Brute force attack

File:Board300.jpg
The EFF's US\$250,000 DES cracking machine contained over 18,000 custom chips and could brute force a DES key in a matter of days — the photograph shows a DES Cracker circuit board fitted with several Deep Crack chips

In cryptanalysis, a brute force attack is a method of defeating a cryptographic scheme by trying a large number of possibilities; for example, exhaustively working through all possible keys in order to decrypt a message. In most schemes, the theoretical possibility of a brute force attack is recognised, but it is set up in such a way that it would be computationally infeasible to carry out. Accordingly, one definition of "breaking" a cryptographic scheme is to find a method faster than a brute force attack.

The selection of an appropriate key length depends on the practical feasibility of performing a brute force attack.

Symmetric ciphers

For symmetric-key ciphers, a brute force attack typically means a brute-force search of the key space; that is, testing all possible keys in order to recover the plaintext used to produce a particular ciphertext.

In a brute force attack, the expected number of trials before the correct key is found is equal to half the size of the key space. For example, if there are 264 possible keys, a brute force attack would, on average, be expected to find a key after 263 trials.

For each trial of a candidate key the attacker needs to be able to recognise when he has found the correct key. The most straightforward way is to obtain a few corresponding plaintext and ciphertext pairs, that is, a known-plaintext attack. Alternatively, a ciphertext-only attack is possible by decrypting ciphertext using each candidate key, and testing the result for similarity to plaintext language — for example, English encoded in ASCII.

In general, a symmetric key cipher is considered secure if there is no method less expensive (in time, memory requirements, etc) than brute force; Claude Shannon used the term "work factor" for this. Nearly all ciphers lack a mathematical proof of security in this sense, although the one-time pad has been proven to provide perfect secrecy.

Symmetric ciphers with keys of length up to 64 bits have been broken by brute force attacks. DES, a widely-used block cipher which uses 56-bit keys, was broken by custom hardware in 1998 (see EFF DES cracker), and a message encrypted with RC5 using a 64-bit key was broken more recently by Distributed.net. In addition, it is commonly speculated that government intelligence agencies (such as the US NSA) can successfully attack a symmetric key cipher with long key lengths, such as a 64-bit key, using brute force. For applications requiring long term security, 128 bits is, as of 2004, currently thought a sufficient key length for new systems using symmetric key algorithms. NIST has recommended that 80-bit designs be phased out by 2015.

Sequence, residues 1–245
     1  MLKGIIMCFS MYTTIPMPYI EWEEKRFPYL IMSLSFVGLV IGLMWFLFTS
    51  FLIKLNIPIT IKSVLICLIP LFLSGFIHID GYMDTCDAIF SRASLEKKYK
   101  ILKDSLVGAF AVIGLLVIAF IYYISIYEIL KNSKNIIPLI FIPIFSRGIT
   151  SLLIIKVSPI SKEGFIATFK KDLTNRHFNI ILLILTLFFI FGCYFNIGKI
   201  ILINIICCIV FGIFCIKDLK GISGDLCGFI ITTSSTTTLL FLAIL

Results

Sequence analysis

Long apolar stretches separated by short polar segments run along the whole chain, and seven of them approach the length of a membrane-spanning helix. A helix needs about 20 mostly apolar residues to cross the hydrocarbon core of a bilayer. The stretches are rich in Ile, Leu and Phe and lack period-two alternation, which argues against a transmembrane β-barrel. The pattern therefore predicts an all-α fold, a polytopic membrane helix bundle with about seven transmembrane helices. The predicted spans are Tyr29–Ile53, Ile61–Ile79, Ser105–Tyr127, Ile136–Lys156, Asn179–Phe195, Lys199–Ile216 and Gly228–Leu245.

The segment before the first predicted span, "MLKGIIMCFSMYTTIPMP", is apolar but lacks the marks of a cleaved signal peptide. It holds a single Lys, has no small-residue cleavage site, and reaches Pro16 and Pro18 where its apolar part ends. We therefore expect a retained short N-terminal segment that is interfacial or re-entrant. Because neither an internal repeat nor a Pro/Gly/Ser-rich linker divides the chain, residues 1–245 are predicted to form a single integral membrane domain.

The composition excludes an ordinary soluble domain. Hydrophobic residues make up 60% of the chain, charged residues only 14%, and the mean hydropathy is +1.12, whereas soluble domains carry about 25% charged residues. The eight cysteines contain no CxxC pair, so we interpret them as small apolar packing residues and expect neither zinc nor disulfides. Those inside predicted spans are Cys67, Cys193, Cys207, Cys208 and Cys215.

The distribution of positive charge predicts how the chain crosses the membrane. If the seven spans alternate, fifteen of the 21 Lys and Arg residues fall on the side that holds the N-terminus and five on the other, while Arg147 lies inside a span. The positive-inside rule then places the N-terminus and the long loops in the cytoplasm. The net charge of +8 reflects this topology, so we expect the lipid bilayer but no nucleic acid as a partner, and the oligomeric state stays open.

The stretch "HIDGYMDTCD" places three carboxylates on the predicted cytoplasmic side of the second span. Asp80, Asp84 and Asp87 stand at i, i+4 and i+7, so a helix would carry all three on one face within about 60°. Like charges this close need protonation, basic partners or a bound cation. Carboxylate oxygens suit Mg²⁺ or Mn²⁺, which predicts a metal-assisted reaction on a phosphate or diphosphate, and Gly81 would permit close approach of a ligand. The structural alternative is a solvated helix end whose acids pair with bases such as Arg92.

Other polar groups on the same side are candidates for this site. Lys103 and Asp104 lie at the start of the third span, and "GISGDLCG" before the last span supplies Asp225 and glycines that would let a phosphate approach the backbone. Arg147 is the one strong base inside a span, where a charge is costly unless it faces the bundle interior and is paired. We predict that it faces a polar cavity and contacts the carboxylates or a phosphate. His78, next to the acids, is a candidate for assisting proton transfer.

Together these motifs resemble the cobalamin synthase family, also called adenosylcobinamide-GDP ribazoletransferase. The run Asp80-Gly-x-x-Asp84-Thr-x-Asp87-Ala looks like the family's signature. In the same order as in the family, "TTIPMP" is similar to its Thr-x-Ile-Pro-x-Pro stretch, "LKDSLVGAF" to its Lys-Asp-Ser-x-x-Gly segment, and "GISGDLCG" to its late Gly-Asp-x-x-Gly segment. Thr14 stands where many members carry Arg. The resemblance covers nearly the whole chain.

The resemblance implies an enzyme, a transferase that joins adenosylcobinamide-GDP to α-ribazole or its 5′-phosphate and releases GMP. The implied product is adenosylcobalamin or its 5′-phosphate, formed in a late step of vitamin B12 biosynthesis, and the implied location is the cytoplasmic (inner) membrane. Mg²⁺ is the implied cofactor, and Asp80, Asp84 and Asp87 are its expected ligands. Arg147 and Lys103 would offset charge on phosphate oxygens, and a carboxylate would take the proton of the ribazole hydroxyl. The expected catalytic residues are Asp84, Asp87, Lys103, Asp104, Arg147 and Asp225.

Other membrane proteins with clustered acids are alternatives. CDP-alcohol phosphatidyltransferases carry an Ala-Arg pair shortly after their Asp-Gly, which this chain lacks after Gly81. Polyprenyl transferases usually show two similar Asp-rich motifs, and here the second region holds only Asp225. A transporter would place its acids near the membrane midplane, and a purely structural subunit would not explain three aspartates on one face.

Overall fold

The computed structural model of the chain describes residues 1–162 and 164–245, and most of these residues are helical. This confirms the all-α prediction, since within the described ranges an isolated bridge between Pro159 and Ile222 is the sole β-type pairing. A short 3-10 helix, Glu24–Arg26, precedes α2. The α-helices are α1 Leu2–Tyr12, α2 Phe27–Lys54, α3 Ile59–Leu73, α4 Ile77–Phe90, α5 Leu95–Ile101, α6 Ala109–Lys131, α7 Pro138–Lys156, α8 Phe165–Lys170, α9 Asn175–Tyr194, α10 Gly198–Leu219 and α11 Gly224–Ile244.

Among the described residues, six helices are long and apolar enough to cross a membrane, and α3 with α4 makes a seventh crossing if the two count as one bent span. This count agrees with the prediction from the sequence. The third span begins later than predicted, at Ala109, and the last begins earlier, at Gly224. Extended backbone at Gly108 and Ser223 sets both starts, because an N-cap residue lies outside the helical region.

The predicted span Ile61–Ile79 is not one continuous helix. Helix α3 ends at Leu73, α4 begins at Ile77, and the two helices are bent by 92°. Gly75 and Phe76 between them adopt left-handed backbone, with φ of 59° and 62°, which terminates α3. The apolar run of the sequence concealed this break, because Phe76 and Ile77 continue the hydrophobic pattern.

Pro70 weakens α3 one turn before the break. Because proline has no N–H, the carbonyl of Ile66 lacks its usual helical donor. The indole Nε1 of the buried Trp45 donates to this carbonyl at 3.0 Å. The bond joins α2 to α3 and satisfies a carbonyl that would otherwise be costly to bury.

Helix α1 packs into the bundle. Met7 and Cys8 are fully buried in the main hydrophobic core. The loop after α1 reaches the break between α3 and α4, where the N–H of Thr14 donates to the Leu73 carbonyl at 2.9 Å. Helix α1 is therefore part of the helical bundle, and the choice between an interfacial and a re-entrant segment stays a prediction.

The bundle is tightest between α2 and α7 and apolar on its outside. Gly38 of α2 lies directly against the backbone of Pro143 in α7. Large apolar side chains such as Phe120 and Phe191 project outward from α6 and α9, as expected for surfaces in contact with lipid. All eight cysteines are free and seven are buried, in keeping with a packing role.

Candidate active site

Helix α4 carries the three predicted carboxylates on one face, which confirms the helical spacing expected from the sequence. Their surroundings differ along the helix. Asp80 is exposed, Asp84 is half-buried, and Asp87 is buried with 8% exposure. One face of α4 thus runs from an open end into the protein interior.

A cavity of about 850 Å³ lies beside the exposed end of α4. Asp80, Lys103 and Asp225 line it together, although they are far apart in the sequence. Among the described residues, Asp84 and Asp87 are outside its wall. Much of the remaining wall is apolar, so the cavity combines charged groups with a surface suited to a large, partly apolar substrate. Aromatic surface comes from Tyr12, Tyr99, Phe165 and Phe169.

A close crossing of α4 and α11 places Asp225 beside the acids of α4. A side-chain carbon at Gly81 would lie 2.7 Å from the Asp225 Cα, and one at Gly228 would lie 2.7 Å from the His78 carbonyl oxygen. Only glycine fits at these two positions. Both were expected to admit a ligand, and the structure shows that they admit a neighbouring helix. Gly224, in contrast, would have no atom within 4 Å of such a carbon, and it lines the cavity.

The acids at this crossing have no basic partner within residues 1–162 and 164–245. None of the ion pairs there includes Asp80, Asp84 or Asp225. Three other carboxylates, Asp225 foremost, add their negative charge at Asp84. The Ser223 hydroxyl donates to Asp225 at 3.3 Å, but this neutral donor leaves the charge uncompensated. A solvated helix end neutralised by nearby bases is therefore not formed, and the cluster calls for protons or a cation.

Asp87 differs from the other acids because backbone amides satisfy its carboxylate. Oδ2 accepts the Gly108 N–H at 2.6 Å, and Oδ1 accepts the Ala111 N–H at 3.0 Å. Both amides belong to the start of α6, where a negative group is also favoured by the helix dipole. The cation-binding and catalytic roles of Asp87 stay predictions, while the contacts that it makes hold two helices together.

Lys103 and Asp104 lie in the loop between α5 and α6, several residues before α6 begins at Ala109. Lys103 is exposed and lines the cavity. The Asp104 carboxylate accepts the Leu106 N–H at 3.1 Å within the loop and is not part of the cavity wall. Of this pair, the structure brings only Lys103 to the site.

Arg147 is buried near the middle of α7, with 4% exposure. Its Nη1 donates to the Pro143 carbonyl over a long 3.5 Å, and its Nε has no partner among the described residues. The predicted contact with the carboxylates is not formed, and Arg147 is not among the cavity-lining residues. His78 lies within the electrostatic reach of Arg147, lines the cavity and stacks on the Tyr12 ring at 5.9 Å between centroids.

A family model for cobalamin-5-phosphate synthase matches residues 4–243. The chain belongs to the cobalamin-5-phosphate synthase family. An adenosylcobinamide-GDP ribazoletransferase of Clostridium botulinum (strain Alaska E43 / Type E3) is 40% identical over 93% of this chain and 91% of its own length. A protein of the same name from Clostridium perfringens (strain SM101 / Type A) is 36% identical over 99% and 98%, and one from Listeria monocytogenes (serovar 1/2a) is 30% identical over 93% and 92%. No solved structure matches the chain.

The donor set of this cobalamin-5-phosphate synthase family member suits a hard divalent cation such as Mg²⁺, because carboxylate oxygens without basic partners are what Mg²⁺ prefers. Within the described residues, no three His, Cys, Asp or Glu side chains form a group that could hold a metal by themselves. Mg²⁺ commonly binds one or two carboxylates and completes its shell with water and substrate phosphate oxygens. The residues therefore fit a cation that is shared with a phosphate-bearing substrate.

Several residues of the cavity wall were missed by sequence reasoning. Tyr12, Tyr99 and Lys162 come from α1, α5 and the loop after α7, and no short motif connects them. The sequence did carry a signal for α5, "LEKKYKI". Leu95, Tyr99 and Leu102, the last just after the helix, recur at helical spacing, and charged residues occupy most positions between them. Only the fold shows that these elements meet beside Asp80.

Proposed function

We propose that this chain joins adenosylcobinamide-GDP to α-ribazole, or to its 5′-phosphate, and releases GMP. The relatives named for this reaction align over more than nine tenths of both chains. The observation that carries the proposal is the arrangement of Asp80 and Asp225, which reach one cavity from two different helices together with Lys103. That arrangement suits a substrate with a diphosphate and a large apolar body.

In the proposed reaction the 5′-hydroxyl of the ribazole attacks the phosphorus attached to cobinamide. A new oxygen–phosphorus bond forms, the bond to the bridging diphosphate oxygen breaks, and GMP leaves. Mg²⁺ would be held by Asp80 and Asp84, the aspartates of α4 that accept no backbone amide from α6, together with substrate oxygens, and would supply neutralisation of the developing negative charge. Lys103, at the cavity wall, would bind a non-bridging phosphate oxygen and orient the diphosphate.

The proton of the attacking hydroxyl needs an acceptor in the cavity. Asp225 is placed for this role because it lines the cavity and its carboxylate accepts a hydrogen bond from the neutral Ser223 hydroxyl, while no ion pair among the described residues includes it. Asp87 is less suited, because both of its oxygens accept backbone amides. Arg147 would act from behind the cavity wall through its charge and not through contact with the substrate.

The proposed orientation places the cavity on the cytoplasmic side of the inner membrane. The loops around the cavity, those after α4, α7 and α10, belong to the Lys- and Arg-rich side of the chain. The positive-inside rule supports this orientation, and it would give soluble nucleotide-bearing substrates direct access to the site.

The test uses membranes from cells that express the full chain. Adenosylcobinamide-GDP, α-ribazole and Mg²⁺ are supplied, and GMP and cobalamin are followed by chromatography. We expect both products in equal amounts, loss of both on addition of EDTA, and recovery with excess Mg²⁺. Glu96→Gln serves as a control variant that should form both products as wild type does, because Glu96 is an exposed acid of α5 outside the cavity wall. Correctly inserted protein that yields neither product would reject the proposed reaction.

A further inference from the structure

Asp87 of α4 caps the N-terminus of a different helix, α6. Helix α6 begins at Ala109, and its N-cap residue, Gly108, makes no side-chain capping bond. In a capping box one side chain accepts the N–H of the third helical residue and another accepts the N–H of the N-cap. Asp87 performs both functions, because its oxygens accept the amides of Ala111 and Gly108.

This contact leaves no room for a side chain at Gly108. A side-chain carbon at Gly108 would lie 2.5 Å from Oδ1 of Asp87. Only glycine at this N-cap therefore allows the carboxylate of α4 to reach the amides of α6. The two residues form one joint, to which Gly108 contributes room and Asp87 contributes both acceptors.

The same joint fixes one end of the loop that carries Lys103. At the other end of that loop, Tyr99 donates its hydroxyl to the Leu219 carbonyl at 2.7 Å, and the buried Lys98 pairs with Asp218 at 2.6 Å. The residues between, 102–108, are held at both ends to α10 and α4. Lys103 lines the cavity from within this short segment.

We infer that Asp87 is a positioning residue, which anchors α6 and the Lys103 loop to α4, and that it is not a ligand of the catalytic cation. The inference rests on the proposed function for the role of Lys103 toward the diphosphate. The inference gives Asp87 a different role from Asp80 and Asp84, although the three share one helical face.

If keys are generated in a weak way, for example, derived from a guessable-password, it is possible to exhaustively search over a much smaller set, for example, keys generated from passwords in a dictionary. See password cracking and passphrase for more information.

Asymmetric algorithms

For asymmetric cryptography, a brute force attack usually involves tackling some difficult problem, such as large integer factorisation or calculating a discrete logarithm.

The situation with regard to asymmetric key algorithms is more complicated and depends on the individual encryption algorithm. Thus, the currently breakable key length for the RSA algorithm is at least 512 bits (i.e., it has been done publicly), and recent research developments suggest that 1024 bits might be breakable in the near to medium term future. For most elliptic curve asymmetric algorithms, the largest currently breakable key length is believed to be rather shorter, perhaps as little as 128 bits or so. A message encrypted with a 109 bit key by an elliptic curve encryption algorithm was publicly broken by brute force key search in early 2003. At this writing (as of 2004), 128 bit key lengths seem the minimum reasonable for elliptic curve algorithms, and 1024 bits for such asymmetric key algorithms as RSA.

Asymmetric algorithms have proven to be essential components of password-authenticated key agreement schemes that prevent brute-force attack on passwords and related data.

Theoretical limits

There is a physical argument that a 128 bit key is secure against brute force attack. It is argued that, by the laws of physics, in order to simply flip through the possible values for a 128-bit key (ignoring doing the actual computing to check it), one would need a device consuming at a minimum 10 gigawatts (about the equivalent of four large, dedicated nuclear reactors) running continuously for 100 years. An actual computation—checking each key to see if you have found a solution—would consume many multiples more.